Pay up and eat up: The true cost of food

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  • Published: Aug 1, 2011
  • Author: David Bradley
  • Channels: MRI Spectroscopy
thumbnail image: Pay up and eat up: The true cost of food

Hormonally yours

Ghrelin, a naturally occurring gut hormone, increases our willingness to pay for food, while simultaneously decreasing our willingness to pay for non-food items, according to researchers who have tracked behaviour linked to the hormone with functional MRI. The study supports the modern adage: don't shop for food when you're hungry.

Speaking at the 2011 annual meeting of the Society for the Study of Ingestive Behavior (SSIB), researchers explain how the activity of the gut hormone ghrelin might explain some of our behaviour regarding paying for food, especially why we are apparently willing to pay more for food when we are hungry than when we are not.

Ghrelin is a peptide that exists in two general forms. The first is an inactive pure peptide form, the second active form is octanoylated. The hormone is made primarily by the P/D1 cells that line the fundus of the human stomach and epsilon cells of the pancreas that stimulates hunger. Ghrelin levels increase before meals and decrease after meals. It is considered to be the counterpart of the hormone leptin, which is produced by adipose tissue, which induces satiation when present at higher levels. Ghrelin seems to be closely related to calorie intake, especially given that ghrelin levels in the blood plasma of "normally" obese people are lower than those in leaner individuals. People with the eating disorder anorexia nervosa have higher plasma levels of ghrelin than normal.


Ghrelin reward

Apparently, one way in which ghrelin acts is by increasing activity in brain "reward" region, the ventromedial prefrontal cortex, when people view pictures of food. In this latest study, researchers Deborah Tang of Montreal Neurological Institute and Department of Psychology, at McGill University, in Montreal, Canada, together with J.E. Han, Alain Dagher of Montreal Neurological Institute, also at McGill and neuroeconomist Antonio Rangel of the California Institute of Technology, in Pasadena, USA, were interested to discovery whether or not ghrelin affects a person's willingness to pay for food and non-food items. They examined brain activity using functional magnetic resonance imaging (fMRI) in 29 normal weight volunteers while they placed bids for food or for non-food trinkets after being injected with ghrelin, or after being injected only with saline as a control.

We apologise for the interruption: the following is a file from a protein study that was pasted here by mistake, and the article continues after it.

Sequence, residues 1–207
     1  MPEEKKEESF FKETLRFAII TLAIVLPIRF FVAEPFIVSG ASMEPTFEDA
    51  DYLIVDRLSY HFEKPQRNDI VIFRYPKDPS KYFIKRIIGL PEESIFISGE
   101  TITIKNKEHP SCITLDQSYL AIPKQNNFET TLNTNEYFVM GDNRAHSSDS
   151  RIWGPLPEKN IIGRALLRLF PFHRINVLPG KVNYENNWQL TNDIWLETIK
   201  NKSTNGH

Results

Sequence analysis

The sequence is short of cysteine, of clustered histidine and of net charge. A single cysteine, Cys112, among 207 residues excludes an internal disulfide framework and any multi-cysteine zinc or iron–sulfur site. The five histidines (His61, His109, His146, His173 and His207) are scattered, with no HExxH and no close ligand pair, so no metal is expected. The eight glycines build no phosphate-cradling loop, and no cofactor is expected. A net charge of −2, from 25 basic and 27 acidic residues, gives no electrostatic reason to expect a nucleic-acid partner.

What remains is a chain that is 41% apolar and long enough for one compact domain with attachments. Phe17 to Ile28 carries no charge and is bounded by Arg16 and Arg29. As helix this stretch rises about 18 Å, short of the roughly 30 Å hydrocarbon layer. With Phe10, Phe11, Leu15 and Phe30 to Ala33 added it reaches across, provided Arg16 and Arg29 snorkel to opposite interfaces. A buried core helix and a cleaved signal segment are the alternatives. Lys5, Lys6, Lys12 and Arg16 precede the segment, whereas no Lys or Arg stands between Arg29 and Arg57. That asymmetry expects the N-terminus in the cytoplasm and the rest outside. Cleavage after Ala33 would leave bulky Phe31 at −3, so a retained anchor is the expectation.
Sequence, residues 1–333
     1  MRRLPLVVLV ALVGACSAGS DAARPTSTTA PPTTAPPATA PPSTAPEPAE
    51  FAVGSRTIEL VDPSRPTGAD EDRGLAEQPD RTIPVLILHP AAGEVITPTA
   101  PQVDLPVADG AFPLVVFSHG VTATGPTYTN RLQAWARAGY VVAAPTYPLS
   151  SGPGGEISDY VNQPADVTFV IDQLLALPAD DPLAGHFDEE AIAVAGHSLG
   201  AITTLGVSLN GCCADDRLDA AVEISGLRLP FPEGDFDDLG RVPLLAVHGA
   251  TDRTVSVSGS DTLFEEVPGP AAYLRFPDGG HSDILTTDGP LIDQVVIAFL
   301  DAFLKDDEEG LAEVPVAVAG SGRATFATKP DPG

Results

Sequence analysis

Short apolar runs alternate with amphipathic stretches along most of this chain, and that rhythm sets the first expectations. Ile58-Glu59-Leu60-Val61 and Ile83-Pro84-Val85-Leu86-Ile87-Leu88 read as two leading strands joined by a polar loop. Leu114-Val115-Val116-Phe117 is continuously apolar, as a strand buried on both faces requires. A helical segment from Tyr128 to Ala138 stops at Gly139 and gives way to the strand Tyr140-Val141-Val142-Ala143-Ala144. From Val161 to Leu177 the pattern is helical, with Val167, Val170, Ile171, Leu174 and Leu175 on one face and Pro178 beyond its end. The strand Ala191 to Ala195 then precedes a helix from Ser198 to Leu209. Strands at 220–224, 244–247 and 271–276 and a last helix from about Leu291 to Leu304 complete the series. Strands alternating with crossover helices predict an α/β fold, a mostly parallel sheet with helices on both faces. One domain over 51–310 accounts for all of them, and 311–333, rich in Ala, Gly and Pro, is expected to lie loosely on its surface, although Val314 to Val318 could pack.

The team found that treatment with the hormone ghrelin increased significantly the volunteers' willingness to pay for food items. However, it reduced their willingness to pay for non-food "trinkets". The researchers say that, as expected, activity within several brain reward regions was correlated with bid values on both food and non-food items in the saline-ingesting control group. Those volunteers treated with ghrelin displayed activity correlated with the brain reward region, the nucleus accumbens.

"Neurally, we found greater activity in the VMPFC after previous ghrelin administration when brain response to food was modelled as a function of bid value," the team explains. "Conversely, the VMPFC bid effect for trinkets was greater in the saline condition. Results suggest that previous ghrelin increases the motivational value of foods by increasing the value assigned to food stimuli in the VMPFC."

The team asserts that their results support the view that ghrelin increases hunger and eating, in part, by increasing reward signalling specifically in the nucleus accumbens. The hope is that a clearer understanding of brain-reward signalling mechanisms may lead to better ways to control appetite and so fight overweight and obesity problems.

 



The views represented in this article are solely those of the author and do not necessarily represent those of John Wiley and Sons, Ltd.

 Ghrelin, a naturally occurring gut hormone, increases our willingness to pay for food, while simultaneously decreasing our willingness to pay for non-food items, according to researchers who have tracked behaviour linked to the hormone with functional MRI. The study supports the modern adage: don't shop for food when you're hungry.

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